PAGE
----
On Monday, the U.S. Department of Commerce joined the Denver Metro Chamber of Commerce, the Mile High United Way, the Office of Governor John Hickenlooper, the Office of Mayor Michael Hancock and Opportunity Nation to co-host the Denver Business and Community Partnerships Summit. This first-of-its-kind event highlighted innovative ways businesses are partnering with nonprofits, faith-based organizations, institutes of higher education and the public sector to improve their communities. In addition to promoting effective cross-sector partnership models focused on workforce development, healthy communities, education and the environment, the Summit educated participants on resources offered by the federal government and provided people an opportunity to connect with others in their community interested in partnering to effect positive change. Leaders from more than 130 organizations, including over 50 businesses and more than 60 nonprofits, participated in this inaugural event. Jay Williams, U.S. Assistant Secretary of Commerce for Economic Development, joined Congressman Ed Perlmutter in delivering keynote remarks.

    This was an important convening for the Commerce Department because it showcased the critical function that innovative partnerships between community-based organizations and the business community play in driving positive local development, particularly in the areas of skills and workforce training and education. The Summit also exhibited the significant contributions of multiple Commerce resources in facilitating effective community partnerships, including Economic Development Administration grants and Census data from the American Communities Survey.

  • Recognizing the Importance of Fathers

    Ed. note: This is cross-posted on the U.S. Department of Education's blog. See the original post here.

    One out of every three children in America — more than 24 million in total — live in a home without their biological father present, according to a 2012 White House Fatherhood Report. Roughly one out of every three Hispanic children and more than half of African-American children also live in homes without their biological fathers.

    The presence and involvement of a child’s parents protect children from a number of vulnerabilities. More engaged fathers — whether living with or apart from their children — can help foster a child’s healthy physical, emotional, and social development. While evidence shows that children benefit most from the involvement of resident fathers, research also has highlighted the positive effect that nonresident fathers can have on their children’s lives.

    Recognizing the importance of fathers in children’s physical, emotional, and social development, Shirley Jones, a program specialist in the Department of Education’s regional office in Chicago, partnered with the Detroit Area Dad’s PTA and the Detroit Public School system. Together, they organized the “Dads to Dads” forum at Detroit Collegiate Preparatory High School at Northwestern, where 350 men, women, and young adults committed to a day of discussion on how to best support children in their communities.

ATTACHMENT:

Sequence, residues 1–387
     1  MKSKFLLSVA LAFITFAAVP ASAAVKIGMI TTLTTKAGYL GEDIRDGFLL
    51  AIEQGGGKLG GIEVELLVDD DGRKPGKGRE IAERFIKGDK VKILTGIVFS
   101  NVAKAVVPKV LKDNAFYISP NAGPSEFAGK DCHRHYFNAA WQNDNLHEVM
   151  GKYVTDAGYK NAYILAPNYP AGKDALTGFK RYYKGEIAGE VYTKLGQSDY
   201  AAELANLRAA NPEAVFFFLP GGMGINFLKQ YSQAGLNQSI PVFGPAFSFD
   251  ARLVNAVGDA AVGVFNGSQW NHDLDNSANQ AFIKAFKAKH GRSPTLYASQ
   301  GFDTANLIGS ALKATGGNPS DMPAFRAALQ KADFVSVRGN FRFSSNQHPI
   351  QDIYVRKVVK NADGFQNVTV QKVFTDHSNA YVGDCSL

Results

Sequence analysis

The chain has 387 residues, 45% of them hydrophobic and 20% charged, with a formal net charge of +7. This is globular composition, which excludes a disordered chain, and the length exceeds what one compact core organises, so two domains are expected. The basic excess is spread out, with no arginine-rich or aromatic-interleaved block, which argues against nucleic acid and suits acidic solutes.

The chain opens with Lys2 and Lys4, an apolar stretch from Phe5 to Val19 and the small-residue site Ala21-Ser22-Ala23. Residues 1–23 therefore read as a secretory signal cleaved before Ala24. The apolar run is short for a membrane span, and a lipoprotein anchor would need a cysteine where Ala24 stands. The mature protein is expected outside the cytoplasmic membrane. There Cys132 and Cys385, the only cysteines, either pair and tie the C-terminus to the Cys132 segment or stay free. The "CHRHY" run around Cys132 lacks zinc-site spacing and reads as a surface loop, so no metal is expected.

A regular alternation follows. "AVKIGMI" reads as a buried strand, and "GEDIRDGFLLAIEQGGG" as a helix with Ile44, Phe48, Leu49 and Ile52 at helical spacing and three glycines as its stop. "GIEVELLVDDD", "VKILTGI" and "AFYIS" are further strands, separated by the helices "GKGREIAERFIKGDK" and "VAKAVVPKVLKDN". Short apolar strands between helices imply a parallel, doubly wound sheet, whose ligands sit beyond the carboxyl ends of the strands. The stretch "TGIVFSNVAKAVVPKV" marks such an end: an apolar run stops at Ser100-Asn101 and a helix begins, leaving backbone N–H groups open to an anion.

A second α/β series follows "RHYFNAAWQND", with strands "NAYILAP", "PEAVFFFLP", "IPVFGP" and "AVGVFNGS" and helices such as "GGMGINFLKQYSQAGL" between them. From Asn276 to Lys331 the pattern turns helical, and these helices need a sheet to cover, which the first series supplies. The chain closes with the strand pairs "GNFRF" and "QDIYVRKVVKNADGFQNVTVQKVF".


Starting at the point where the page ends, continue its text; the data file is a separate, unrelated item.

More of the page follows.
• HUD CFBNP Continues Outreach and Training for Organizations Nationwide

    Among its many roles, the U.S. Department of Housing and Urban Development (HUD) Center for Faith-Based and Neighborhood Partnerships (HUD CFBNP) works to engage faith-based and community organizations nationwide to more directly involve them in the work of the agency. Working with program offices across HUD, the Center helps to advance HUD’s mission in many ways. For example, the HUD-Veterans Affairs Supportive Housing (HUD-VASH) program provides homeless veterans with housing and supportive services; the Continuum of Care program helps local communities and non-profit organizations fight homelessness by providing funding for rapid rehousing of homeless individuals. Finally, HUD CFBNP promotes inclusivity and combats discrimination in housing by supporting HUD’s programs for vulnerable populations, including the Supportive Housing for the Elderly and Supportive Housing for Persons with Disabilities programs.

    In terms of its core goal of outreach to communities, HUD CFBNP continues to offer its signature Capacity Building Training for Emerging Organizations series around the nation. These workshops help demystify the federal grant process and build organizational capacity. The series also addresses misconceptions surrounding partnerships between faith-based organizations and the government; helps non-profit organizations more effectively achieve economic empowerment and wealth creation for their communities; and educates faith-based and community organizations about HUD and federal grant opportunities.

    In day-long trainings, participants receive instruction from HUD staff on how to become more competitive for federal grants, how to become a nonprofit organization, and how to find and apply for funding. Using the HUD Notice of Funding Availability (NOFA) process as a model, HUD CFBNP trainers show participants how to read the Federal Register, provide an overview of Grants.gov, help participants identify appropriate funding streams and potential partners for their program, and discuss other tools and skills necessary to prepare a successful grant.